The second speaker was Gary Culpan, Lecturer in Radiography, University of Bradford. The title of Gary’s highly entertaining and graphic presentation was ‘You only see what you know: Image perception explored’. He began by introducing the concept of ‘pattern recognition’ and continuing with a description of the method by which the eye and the brain process information in order to create the recognised image. Before looking at examples of double contrast barium enemas that  demonstrated patterns that the delegates would be familiar with he challenged the audience with some examples of ‘change blindness’ illustrating the point that the brain does not always immediately register that a moving image may be changing.

The day concluded with a second workshop session and the G.I.R.S.I.G. Annual General Meeting.


The final session was Chaired by Alison Booth.

This session was entitled Small Bowel Imaging and split into three modalities. The relative merits and indications for use of Barium studies, CT Enteroclysis and MR Enteroclysis were explored.The first presenter was Robert Law, Consultant Radiographer whose topic was Small Bowel Imaging: Fluoroscopic Investigations. Rob, an enthusiastic advocate of small bowel enteroclysis described the technique for this examination and then presented a summary of results from various papers that indicated that it has a high negative predictive value. He concluded that it is an effective procedure both cost and time efficient and well within the capabilities of a GI radiographer to carry out.

Victoria Louise Clark, Radiographer Bristol Royal Infirmary gave a detailed presentation of CT Enteroclysis, a technique for imaging the small bowel. She also presented a summary of results on sensitivity and specificity  from various published papers concluding that CT Enteroclysis is a viable imaging tool to diagnose Crohns disease it is not as sensitive as small bowel enteroclysis in the early stages of the disease.

The final speaker in this section was Dr Helen Bungay, Consultant Gastrointestinal Radiologist Oxford Radcliffe Hospitals NHS Trust who presented the case for MR Enteroclysis summarising the technique and illustrating her points with images of various examinations. She concluded that it was an expanding technique which gave excellent soft tissue contrast of the entire small bowel, had the potential to assess disease activity in Crohns disease and of course did not use ionising radiation.

The delegates were left to conclude that all three modalities had their merits but the jury was still out as to the imaging modality of choice.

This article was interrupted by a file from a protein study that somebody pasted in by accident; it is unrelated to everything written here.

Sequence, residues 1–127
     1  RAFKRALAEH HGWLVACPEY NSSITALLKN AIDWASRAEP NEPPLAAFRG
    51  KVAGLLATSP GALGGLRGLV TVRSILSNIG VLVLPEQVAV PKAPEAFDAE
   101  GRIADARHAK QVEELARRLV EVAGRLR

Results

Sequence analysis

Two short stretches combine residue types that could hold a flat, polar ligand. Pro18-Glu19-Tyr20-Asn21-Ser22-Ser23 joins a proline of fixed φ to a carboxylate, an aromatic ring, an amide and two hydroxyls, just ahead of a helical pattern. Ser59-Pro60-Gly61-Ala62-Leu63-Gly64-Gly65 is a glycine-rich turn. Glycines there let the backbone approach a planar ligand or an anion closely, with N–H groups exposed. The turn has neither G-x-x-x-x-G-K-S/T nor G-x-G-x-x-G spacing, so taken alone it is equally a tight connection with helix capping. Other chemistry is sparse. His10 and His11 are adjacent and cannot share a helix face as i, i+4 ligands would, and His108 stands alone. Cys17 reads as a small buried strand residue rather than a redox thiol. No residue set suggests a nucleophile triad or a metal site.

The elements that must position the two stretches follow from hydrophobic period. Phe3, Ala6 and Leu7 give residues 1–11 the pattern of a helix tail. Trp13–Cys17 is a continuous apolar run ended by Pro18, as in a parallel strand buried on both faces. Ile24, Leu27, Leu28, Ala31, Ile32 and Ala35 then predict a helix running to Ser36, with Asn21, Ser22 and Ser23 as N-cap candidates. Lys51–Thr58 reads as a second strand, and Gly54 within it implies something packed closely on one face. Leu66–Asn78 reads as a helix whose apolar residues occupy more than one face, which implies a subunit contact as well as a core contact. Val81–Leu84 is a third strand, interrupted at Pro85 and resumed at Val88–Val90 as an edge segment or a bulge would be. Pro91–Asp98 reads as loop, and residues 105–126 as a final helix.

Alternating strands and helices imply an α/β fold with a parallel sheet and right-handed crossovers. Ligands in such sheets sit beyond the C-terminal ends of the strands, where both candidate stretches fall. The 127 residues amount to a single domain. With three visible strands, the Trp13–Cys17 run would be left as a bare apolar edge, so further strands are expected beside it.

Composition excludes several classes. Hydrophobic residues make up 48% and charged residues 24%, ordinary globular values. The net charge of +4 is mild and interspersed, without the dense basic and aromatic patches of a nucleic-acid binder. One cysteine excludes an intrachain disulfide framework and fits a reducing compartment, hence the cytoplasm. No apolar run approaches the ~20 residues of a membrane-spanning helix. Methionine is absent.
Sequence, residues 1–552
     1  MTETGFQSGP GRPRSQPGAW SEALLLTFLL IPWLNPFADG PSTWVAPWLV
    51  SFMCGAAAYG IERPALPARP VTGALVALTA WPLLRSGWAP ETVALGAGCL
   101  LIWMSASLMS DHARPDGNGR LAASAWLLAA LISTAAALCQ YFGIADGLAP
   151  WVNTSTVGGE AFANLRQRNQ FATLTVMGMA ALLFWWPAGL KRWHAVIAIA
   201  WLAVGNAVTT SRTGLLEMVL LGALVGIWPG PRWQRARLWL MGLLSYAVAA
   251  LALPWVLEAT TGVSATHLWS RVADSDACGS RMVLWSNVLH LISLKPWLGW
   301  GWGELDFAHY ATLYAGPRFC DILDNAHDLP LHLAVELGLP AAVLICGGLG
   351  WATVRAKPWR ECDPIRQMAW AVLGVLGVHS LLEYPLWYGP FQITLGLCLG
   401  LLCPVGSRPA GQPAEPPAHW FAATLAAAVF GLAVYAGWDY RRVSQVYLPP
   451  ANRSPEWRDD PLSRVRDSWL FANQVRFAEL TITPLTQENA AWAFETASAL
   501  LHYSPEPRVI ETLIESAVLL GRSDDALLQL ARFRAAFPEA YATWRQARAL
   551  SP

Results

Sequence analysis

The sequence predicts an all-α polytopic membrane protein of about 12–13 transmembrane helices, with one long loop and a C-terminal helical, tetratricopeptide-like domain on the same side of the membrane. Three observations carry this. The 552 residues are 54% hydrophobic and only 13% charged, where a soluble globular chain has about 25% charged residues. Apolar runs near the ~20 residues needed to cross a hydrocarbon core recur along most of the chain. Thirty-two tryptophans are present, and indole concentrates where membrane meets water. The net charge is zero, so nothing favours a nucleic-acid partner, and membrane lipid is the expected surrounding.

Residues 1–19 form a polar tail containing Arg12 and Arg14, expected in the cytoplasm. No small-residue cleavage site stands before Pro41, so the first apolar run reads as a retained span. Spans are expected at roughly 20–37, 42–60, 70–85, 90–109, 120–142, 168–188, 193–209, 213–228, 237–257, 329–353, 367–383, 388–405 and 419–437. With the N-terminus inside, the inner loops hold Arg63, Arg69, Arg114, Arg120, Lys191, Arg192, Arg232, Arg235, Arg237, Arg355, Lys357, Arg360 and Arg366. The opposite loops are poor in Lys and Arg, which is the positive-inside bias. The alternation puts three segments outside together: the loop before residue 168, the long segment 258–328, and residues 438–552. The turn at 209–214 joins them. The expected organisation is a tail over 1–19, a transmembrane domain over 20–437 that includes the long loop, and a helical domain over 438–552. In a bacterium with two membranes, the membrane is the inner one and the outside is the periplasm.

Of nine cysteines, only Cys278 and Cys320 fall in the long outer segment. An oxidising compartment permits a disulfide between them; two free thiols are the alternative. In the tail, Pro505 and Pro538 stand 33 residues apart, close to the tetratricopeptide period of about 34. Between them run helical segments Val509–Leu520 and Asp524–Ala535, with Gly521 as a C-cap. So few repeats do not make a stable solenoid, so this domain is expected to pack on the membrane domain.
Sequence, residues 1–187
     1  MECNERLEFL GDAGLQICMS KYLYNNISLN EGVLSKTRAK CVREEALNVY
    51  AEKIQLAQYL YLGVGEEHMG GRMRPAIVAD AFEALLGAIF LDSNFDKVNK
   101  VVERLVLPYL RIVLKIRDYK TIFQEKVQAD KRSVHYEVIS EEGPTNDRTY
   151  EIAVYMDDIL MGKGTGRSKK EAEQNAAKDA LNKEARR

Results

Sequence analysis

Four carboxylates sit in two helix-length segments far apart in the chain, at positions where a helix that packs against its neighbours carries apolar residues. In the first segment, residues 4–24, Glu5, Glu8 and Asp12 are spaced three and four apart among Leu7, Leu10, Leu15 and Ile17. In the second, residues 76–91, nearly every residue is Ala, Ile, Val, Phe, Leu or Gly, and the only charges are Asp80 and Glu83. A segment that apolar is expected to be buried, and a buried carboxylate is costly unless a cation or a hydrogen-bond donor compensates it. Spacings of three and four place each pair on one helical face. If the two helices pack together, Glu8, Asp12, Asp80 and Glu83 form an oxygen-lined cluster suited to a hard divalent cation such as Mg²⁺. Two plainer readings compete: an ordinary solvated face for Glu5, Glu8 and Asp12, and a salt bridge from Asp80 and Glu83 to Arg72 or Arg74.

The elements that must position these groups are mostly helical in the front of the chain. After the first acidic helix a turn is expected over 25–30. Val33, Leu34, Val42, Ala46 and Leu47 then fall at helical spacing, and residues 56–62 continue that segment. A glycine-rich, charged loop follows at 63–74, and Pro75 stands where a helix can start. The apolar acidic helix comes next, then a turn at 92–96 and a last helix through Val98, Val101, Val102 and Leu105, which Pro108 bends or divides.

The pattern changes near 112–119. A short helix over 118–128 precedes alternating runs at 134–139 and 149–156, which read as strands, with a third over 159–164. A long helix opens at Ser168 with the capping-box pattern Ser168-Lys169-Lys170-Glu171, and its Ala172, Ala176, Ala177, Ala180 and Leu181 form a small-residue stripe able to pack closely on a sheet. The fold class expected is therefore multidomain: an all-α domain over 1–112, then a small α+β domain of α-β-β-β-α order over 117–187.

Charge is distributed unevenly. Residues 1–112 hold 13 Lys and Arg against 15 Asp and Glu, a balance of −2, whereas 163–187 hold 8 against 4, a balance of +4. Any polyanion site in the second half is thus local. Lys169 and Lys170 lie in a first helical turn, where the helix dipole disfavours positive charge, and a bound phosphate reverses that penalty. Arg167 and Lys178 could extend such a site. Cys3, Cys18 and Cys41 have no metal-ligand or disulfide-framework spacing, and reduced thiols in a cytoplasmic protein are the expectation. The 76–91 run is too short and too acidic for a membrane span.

The last speaker before coffee was Dr. Ian Shaw, Consultant Gastroenterologist, Gloucester Royal Hospital. Dr. Shaw presented an interesting case study of a young man from his diagnosis with Crohns disease to the present day, reviewing the impact of the diagnosis on the patient and the effect that it has had on his life.

Following coffee the delegates attended the final session of workshops on:

  • Barium Swallow pathology.
  • CT Colonography: Viatronix.
  • Waiting list targets (Judith Richards and Christine Bloor, Royal Cornwall Hospital)
  • Creating effective poster presentations (Julie Nightingale, University of Salford)

The presentation of Poster prizes then took place, with the first prize award going to Nicola Gibbons.

The concluding session was a duel presentation by Alison Booth and Julie Nightingale ‘A Brief History of Radiology Time’. Alison began her talk back in 1800 BC when even then people would undergo colonic irrigation as a cure for all ills running through the various imaging techniques and contrast media that have been used in the past until the present day and the formation of GIRSIG and the GI practitioners extended role. Julie looked forward to what was next for the GI Radiographer and concluded that there was a bright future for GI radiographers.

The conference closed with a farewell to Alison Booth who was one of the co-founders of GIRSIG and has been an enthusiastic advocate of the GI radiographer. Alison has done much to ensure that protocols and procedures were correctly established to ensure that GI radiographers work safely and build their profile as a group and we all owe here a sincere debt of gratitude.

Julie then closed the conference. All the delegates felt it had been an excellent event and look forward to the next in 2010.